Companies in the rapidly growing field of telehealth say their services can cut health care spending by allowing patients to connect with doctors without leaving home. But new research argues these phone- and video-based services instead may be driving up costs.
A study from Harvard Medical School and the nonprofit RAND Corp. argues that telehealth increases access to care but can also inflate spending by encouraging more people to seek treatment for minor ailments.
Telehealth companies challenged the findings.
Published Monday in the journal Health Affairs,
“This form of telemedicine has been promoted as a way to decrease health care spending. Our study does not support that,” said Dr. Ateev Mehrotra, an associate professor at Harvard Medical School and one of the authors of the study. “We found that spending actually increased. It really challenges that common perception.”
The paper looked at insurance data for 300,000 Californians from 2011 to 2013, focusing on patients who sought care for acute respiratory problems, such as sinus infections, bronchitis, and common colds. The researchers estimated that 12 percent of the telehealth visits they observed replaced a visit that would have taken place in another more expensive setting, while 88 percent represented new visits that otherwise would not have taken place. The study stopped short of saying whether the additional visits were unnecessary.
“At its heart, we’re arguing a very, very basic point,” Mehrotra said. “When you make something more convenient, more people use it.”
He said the paper identifies a weakness of telehealth, but it does not imply the technology is bad. Indeed, telehealth can be a lifesaver for patients in rural areas who otherwise have trouble accessing medical services, Mehrotra noted.
Two of the country’s biggest telehealth companies, Boston-based American Well Corp. and Teladoc Inc., of Lewisville, Texas, criticized the study, saying that it relied on old and limited data and that the findings contradicted other research.
“This was done four years ago,” said Dr. Roy Schoenberg, chief executive of American Well. “The technologies have changed dramatically.”
Schoenberg said so many large insurers and employers would not be offerering telehealth services if they weren’t convinced of the cost savings. “Nothing becomes a regular part of benefits unless people are satisfied it’s a good investment,” he said.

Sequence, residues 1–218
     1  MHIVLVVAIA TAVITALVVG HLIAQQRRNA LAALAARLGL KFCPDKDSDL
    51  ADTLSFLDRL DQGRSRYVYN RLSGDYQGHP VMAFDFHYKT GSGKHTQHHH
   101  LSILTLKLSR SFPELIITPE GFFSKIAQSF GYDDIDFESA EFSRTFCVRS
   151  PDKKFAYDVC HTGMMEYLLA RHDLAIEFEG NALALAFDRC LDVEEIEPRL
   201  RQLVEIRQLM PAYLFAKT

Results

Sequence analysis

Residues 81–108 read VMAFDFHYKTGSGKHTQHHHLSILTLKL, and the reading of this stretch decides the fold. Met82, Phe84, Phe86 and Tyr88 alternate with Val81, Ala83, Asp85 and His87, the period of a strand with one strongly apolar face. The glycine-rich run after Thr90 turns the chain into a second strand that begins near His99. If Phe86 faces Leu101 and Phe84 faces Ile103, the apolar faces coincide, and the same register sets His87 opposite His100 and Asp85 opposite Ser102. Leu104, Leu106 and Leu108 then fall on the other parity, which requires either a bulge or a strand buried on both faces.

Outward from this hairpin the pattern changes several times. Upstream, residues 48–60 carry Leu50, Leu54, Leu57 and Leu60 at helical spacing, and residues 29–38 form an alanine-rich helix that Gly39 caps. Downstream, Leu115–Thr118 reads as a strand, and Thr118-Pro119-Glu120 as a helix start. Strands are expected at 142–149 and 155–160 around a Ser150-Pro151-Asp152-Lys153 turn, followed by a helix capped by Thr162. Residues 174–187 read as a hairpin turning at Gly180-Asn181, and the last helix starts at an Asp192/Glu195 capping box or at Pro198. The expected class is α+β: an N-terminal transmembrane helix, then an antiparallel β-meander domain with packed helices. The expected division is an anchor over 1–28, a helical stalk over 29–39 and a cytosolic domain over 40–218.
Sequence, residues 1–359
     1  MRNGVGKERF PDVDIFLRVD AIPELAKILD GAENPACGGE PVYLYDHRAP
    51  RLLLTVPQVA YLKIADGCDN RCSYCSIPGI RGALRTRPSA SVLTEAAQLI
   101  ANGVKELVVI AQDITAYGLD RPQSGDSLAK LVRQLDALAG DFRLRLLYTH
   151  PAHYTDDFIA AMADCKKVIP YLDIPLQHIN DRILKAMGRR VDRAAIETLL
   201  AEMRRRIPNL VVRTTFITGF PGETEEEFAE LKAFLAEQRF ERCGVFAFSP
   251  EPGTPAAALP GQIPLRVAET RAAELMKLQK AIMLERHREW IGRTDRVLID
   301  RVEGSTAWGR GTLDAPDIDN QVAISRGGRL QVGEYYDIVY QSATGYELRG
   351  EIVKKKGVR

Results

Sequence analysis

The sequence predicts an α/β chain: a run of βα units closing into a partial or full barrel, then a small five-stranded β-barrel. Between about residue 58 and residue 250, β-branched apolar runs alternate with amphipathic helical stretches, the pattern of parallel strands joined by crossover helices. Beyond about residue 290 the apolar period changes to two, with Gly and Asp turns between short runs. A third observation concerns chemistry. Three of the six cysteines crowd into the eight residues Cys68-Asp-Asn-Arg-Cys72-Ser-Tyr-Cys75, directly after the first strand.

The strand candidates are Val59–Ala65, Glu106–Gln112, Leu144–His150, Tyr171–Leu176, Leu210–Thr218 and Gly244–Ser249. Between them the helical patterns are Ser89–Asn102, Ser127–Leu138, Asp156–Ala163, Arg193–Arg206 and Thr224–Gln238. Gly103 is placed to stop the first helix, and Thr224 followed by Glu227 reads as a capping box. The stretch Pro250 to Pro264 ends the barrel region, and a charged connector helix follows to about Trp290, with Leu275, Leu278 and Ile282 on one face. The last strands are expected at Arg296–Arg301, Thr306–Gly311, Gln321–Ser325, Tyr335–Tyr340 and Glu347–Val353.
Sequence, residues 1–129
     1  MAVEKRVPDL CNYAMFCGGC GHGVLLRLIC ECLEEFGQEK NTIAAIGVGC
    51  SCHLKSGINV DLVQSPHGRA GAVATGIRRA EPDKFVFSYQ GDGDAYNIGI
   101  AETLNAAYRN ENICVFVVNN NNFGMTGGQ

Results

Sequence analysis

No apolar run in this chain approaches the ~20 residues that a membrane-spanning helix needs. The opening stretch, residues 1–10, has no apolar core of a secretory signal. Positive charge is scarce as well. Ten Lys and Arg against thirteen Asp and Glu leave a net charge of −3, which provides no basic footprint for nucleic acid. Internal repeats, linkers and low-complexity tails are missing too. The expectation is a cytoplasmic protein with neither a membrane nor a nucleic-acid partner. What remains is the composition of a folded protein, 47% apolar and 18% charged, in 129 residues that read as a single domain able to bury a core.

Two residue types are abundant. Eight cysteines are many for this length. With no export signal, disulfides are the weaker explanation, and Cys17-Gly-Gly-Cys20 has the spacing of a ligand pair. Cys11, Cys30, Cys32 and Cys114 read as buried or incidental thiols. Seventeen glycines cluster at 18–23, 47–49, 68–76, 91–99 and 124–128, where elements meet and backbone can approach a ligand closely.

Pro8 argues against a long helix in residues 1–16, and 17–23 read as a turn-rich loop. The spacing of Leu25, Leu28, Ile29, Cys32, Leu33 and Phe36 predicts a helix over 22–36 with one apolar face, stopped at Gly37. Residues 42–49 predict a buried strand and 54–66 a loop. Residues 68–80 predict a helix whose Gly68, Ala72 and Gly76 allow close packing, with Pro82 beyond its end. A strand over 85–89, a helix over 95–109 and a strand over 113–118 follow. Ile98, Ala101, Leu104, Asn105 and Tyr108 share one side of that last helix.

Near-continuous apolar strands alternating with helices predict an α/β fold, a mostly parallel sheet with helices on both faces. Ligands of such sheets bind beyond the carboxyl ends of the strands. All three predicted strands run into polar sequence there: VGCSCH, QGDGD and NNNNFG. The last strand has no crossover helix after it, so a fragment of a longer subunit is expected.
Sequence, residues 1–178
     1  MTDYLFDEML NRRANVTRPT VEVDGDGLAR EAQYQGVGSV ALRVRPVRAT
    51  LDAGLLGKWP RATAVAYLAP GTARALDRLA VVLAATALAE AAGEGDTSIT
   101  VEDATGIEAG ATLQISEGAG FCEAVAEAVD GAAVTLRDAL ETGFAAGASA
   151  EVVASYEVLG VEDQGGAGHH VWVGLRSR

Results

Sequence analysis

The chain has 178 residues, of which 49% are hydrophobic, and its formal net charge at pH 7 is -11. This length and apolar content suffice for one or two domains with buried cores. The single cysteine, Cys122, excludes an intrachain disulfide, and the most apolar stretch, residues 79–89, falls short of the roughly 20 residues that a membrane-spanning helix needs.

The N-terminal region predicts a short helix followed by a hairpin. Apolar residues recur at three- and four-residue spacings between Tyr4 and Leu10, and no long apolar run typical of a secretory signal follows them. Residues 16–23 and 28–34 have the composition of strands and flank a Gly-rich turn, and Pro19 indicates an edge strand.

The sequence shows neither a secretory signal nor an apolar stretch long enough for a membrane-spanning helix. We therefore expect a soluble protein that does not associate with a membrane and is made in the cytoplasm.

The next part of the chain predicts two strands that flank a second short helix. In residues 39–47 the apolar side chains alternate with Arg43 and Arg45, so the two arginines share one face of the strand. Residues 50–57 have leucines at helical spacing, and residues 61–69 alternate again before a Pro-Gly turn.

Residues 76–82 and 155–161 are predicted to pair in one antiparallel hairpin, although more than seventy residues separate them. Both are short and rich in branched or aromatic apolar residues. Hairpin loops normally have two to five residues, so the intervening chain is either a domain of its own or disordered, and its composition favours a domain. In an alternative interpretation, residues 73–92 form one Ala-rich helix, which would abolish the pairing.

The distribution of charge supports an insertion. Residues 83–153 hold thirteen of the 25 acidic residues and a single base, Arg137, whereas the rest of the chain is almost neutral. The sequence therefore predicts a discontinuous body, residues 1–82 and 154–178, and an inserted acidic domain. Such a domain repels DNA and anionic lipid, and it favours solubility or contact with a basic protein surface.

Teladoc CEO Jason Gorevic said the study contradicted the company’s own survey data, which showed that 87 percent of people who made an appointment through Teladoc for an acute respiratory infection otherwise would have sought care at more costly locations.
“This is a relatively limited and narrow study,” he said of the Health Affairs paper. “We have no doubt that telehealth provides value for our clients and the consumers who use the Teladoc platform.”
Both companies are seeing rapid growth.
Teladoc, which went public in 2015, logged about 952,000 patient visits last year, and it expects at least 1.4 million in 2017. American Well, which is privately held and does not disclose specifics, said its growth skyrocketed in 2016. Teladoc offers doctor visits by phone or video, while American Well is focused just on video visits.
Blue Cross Blue Shield of Massachusetts, which began covering telehealth visits last year, said that 71 percent of its members who saw a doctor by video said they would have gone to an urgent care clinic or a doctor’s office — more expensive sites — if not for the telehealth option.
“While affordability is important, this isn’t all about cost savings,” Gregory LeGrow, Blue Cross’s senior director of technology engagement solutions, said in a statement. “Telehealth is one of many solutions that can help improve access to affordable, convenient care for our members. We do know that those members who have used telehealth are very satisfied with both the system and the service they received.”
Eric Linzer, executive vice president at the Massachusetts Association of Health Plans, which represents other health insurers in the state, said more research is needed.
“It’s a developing industry,” he said. “While many [insurers] have been offering these services, there’s probably more study needed to understand the best places to make this available and who ultimately will benefit from it.”
Christopher Geehern, a spokesman for the employer group Associated Industries of Massachusetts, echoed that point.
“From a policy standpoint, it remains unclear at this time what, if any, effect telemedicine will have on overall health care spending or insurance premiums,” he said by e-mail. “Overall, it seems that telemedicine is more about access than cost reductions.”